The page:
Chris Schwarz's Blog

Coping Saw Blades from Pegas

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I pretty much eat coping saw blades for breakfast.

Just about every piece of casework I do involves dovetails (sometimes more than 100 in a single piece such as a tool chest), so a coping saw is almost always on the bench to remove waste.

For years I have used the Olson coping saw blades and been quite happy with them, especially compared to the home-center dreck. My only complaint about the Olsons is they are over-set. And my attempts to remove the set in a simple, easy and fast way have not succeeded.

This week while in England, I got to use coping saw blades from Pegas, which has long made high-quality scrollsaw blades and fretsaw blades. Years ago, Lee Marshall of Knew Concepts and Thomas Lie-Nielsen both sent me some samples of fretsaw blades they were examining.

At the time, none of us could get our hands on pin-ended coping saw blades from Pegas that were 6-1/2” long – the standard size.

But lo and behold, Workshop Heaven in the U.K. carries five different pitches of Pegas coping saw blades in the 6-1/2” lengths. I used the 18-point skip-tooth blade (No. 90.550) and was amazed. I was so amazed that I bought 10 packages of the blades.

They are not over-set. And the blade is thin enough to drop into a kerf left by a thin-kerf dovetail saw. The blade is .02” thick, which fits fine in a kerf cut by a .015” saw that has any set to the teeth.

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The teeth are sharp, finely ground and cut remarkably smooth. Because of all these properties, I was able to dovetail an entire Dutch tool chest without bending or breaking a blade. Then two more students used the same blade to remove all the waste on their Dutch tool chests and the blade was still in excellent shape. That is impressive.

I did a quick search and couldn’t find this particular 18-point skip-tooth blade – the 90.550 – for sale in the United States. But if someone knows where to get it, leave a note in the comments.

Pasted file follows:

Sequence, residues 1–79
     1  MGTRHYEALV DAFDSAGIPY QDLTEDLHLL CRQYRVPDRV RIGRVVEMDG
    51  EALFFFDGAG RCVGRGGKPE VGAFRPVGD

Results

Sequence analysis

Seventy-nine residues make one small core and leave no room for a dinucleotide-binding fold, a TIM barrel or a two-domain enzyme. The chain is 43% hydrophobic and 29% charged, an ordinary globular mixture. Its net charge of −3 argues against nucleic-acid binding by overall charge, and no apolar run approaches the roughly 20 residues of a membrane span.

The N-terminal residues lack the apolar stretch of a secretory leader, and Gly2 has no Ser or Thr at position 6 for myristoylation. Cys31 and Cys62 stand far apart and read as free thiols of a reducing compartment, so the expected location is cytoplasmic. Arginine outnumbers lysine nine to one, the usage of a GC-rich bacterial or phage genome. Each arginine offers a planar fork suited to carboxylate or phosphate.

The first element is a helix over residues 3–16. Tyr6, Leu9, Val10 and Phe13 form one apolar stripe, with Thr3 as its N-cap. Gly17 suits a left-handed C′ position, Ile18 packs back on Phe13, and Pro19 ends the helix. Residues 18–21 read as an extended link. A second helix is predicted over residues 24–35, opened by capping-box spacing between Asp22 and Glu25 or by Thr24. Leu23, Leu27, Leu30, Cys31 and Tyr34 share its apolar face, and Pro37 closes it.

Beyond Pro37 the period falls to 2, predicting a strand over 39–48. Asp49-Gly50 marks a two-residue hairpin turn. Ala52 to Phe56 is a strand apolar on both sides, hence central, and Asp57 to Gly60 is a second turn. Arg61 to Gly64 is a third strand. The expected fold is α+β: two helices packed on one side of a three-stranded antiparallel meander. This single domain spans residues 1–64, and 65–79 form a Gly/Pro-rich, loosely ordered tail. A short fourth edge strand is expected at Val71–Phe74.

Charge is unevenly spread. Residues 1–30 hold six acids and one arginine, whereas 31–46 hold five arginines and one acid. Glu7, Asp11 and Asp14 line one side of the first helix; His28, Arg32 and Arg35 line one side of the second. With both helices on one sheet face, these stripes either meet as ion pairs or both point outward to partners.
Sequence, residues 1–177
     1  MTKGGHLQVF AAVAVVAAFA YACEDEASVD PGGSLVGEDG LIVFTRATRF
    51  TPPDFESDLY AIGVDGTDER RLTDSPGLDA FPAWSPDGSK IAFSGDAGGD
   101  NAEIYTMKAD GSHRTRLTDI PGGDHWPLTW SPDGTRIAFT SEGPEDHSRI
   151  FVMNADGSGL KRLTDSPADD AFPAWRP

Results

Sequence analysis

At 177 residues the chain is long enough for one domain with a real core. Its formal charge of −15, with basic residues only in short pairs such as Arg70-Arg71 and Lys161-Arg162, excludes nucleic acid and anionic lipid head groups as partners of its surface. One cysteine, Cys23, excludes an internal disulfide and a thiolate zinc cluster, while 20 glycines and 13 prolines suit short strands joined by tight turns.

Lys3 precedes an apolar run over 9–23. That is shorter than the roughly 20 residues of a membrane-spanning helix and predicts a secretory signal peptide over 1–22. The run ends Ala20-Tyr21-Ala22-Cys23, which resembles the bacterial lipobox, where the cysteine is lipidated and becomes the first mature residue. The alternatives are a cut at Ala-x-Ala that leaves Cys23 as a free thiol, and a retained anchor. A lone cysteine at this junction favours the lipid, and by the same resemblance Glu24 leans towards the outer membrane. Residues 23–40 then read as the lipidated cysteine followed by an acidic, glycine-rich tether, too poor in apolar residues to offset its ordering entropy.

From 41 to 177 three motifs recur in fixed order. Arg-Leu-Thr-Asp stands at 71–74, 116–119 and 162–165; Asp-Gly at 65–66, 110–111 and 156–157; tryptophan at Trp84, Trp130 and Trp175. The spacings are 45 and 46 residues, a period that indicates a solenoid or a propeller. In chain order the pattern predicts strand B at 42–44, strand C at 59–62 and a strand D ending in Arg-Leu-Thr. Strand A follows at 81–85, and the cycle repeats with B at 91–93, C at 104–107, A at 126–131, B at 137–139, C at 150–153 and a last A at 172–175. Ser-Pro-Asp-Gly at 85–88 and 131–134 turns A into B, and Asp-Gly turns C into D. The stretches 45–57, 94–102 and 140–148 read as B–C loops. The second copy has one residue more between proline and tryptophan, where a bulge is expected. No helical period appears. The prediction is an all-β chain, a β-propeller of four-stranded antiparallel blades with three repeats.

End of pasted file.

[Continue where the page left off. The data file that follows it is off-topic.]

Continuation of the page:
— Christopher Schwarz

22 thoughts on “Coping Saw Blades from Pegas

  1. MatthewWH

    Wow, you guys cleaned us out within hours!

    We had to get more blades flown in from Switzerland by overnight courier on Thursday, but they are now back in stock.

    Many thanks,

    Matthew (Workshop Heaven)

  2. don2laughs

    I emailed Grobet and got directed to this site: ttp://search.store.yahoo.net/yhst-86144623803941/cgi-bin/nsearch?query=90550&searchsubmit=GO&vwcatalog=yhst-86144623803941&.autodone=http%3A%2F%2Fb2bprofessionaltools.com%2F
    These are the ones you used, Chris.

  3. Betkerr

    They are on Amazon.com but the descriptions for the 90551B and 90550B seem to be mixed up.
    They have the 90550B listed as the skip tooth blade and the 90551B as the regular blade.
    Type in “Pegas 6.5″ as your search and it helps eliminate a lot of the chaff.

  4. Dylan

    A while back, you blogged about spiral coping saw blades and Frank Strazza commented on that post:

    “Frank Strazza July 6, 2011 at 12:03 pm

    Hello Chris,

    The blades that I use for coping out the waste are found at….Sears, of all places! I get the fine coping saw blades. They work great, they are thin in the direction from teeth to the back of the blade, so you can make a pretty easy turn. Mine just develop that “twist” as I use it, but I suppose you could twist it with a pliers. I use them on the push stroke, you will have some tear out on the back side, but the knife line keeps that from causing any problems. I can cut right above the line with them. Give it a try, a pack is only $2.50!”

    I decided to give them a try and they work great. They are very thin and cut predictable and seem to last for a long while.

    Dylan

  5. cliftb

    The Pegas catalog can be found at site.b2bprofessionaltools.com. Chris’ blades are 90.550C according to the picture. Looking at the catalog, this is the item no. for carded set of blades. The part no. for the same blade in a gross quantity from the catalog is 90.550B. That’s the part no. for the amazon item. Am I reading all of this right?

  6. lllars

    I find the olson blades work fine. It does take a smidge of force to slip them into the kerf left by my dovetail saw (stock lie nielsen model), but it’s really not a problem. After turning a few sharp corners they lose some of their set, and if you touch up the teeth with a file, they cut better than new.

        1. gumpbelly

          While looking at this professional tools site I added to the search 6″ PSA sanding, and got hits for a product in bulk, 25 sheets of 200, 400, 600, 800, and 1,200. grit sheets. Awesome price and no shipping if you use a WS 3000 to sharpen with, much much cheaper per sheet than if you buy from WoodCraft or the like. Point is, probably not a lot of WS 3000 users reading Chris’s blog, but they don’t show sanding on the left side column of items for sale, so if you are looking for anything, you might want to search it at this site too. The few things I checked prices were very good, and free S&H to boot.

          Absolutely no affiliation.

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